That varies depending on a number of things, including insurance coverage, type of addiction, treatment facility location, amenities offered, and prior history of recovery attempts. In general, outpatient care is less expensive than inpatient care, but inpatient care might be more effective for some people. To them, the added cost of successful treatment might outweigh the savings involved with cheaper programs that just do not work.
While all these individuals won’t end up hooked on the drugs they are abusing, many do end up with addiction. For most, the path out of addiction starts with detox.
During detox, the body processes out the substance it has become accustomed to abusing. This process is known as withdrawal, and it is often referred to as detox, but the two are not one and the same. Withdrawal is what your body goes through while detox is the process that facilitates it.
Various medications are sometimes used during detox to mitigate the effects of withdrawal, and these medications come with a price. Antidepressants are commonly prescribed during detox to mitigate the symptoms of sadness that frequently occur. Depending on the antidepressant being prescribed, the cost could weigh in at just $21 a month or as high as $1,000 for a mere 30-day supply, Consumer Reports notes.
Benzos are sometimes used to calm individuals during detox and relieve anxiety and paranoia. In one year, the average cost of prescription benzodiazepines for Medicare beneficiaries was $190, per the journal of Psychiatric Services. Sedative hypnotics and other drugs commonly used to treat clients during detox can cost more on top of the price the facility itself charges.
NIDA reports some 2.1 million Americans were hooked on prescription opioid pain relievers in 2012, and another 467,000 were addicted to heroin. Withdrawal side effects from opiates can range from sleepiness and mood swings to seizures and coma, but medications like methadone and Suboxone can limit the occurrence of these symptoms. Between 2001 and 2011, 14-16 percent of clients admitted to treatment programs in the United States were seeking help for a primary heroin abuse problem, DrugWarFacts notes. SAMHSA reports there were 313,921 people in medication-assisted opioid treatment programs in 2012, and 98 percent of them received methadone. Over the course of one year, which is the minimum recommended time individuals are encouraged to stay in medical detox treatment for opiates, methadone maintenance treatment costs around $4,700 per person, according to the National Institute on Drug Abuse.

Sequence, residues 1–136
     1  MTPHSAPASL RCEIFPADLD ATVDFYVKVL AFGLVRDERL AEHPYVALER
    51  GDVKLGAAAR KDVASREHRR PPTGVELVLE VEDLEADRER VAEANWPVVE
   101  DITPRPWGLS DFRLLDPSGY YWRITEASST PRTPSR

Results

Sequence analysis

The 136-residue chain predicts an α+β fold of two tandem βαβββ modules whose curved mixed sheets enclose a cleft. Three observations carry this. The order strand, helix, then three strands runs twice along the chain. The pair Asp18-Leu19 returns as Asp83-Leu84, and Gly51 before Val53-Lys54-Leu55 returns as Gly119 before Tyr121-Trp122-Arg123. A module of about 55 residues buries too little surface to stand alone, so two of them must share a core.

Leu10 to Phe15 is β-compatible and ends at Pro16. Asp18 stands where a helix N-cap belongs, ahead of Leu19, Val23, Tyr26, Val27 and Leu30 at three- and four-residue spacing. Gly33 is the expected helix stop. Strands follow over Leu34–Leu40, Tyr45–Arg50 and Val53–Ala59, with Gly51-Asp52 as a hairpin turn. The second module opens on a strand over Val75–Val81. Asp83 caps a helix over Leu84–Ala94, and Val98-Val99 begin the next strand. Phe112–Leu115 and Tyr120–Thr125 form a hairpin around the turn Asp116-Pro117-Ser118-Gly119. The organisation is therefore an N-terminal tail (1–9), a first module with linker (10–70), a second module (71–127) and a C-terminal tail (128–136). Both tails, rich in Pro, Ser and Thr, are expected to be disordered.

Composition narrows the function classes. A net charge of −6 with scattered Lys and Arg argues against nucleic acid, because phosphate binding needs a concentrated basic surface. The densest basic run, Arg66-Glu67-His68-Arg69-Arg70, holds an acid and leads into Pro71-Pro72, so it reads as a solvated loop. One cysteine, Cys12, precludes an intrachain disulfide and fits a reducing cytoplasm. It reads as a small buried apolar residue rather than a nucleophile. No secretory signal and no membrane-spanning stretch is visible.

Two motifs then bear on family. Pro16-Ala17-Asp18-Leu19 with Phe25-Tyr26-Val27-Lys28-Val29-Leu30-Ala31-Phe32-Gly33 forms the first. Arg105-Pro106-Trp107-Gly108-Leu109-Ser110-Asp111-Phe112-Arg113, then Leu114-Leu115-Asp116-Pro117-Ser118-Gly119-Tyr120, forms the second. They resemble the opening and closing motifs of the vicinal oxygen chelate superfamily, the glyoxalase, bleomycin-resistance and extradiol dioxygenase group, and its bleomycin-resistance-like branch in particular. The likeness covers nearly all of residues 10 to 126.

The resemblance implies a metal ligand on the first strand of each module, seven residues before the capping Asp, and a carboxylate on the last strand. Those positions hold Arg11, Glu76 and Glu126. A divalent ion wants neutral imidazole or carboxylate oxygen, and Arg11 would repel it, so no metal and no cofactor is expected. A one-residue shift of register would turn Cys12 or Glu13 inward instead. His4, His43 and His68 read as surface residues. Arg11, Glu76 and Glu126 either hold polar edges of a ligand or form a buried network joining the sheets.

Medical detox is the preferred method of detox for individuals who need to withdraw from alcohol, benzodiazepines, and opiates, like heroin or prescription painkillers.
The use of medications for any detox experience is assessed by medical professionals and determined on an individual basis. Psych Central notes the number of clients in treatment for opioid abuse and addiction account for only 20 percent of those who need it.
Many treatment centers will refer to their detox programs as holistic. This doesn’t necessarily mean the detox process doesn’t use medications if needed. Holistic may simply address the fact that the entire person – mind, body, and spirit – is treated. Since detox is not a comprehensive addiction treatment, it’s essential that comprehensive care involves the psychological aspects of addiction.
Rapid detox is promoted by some treatment clinics as a quick-fix treatment to cure addiction. These clinics advertise that individuals can quickly and painlessly detox; however, rapid detox is not a safe process. In addition to a lack of effectiveness, rapid detox carries numerous health risks, and individuals have died while undergoing it.
The cost of a rapid detox program can reach as high as $10,000, and insurance companies generally don’t cover any portion of it, per USA Today.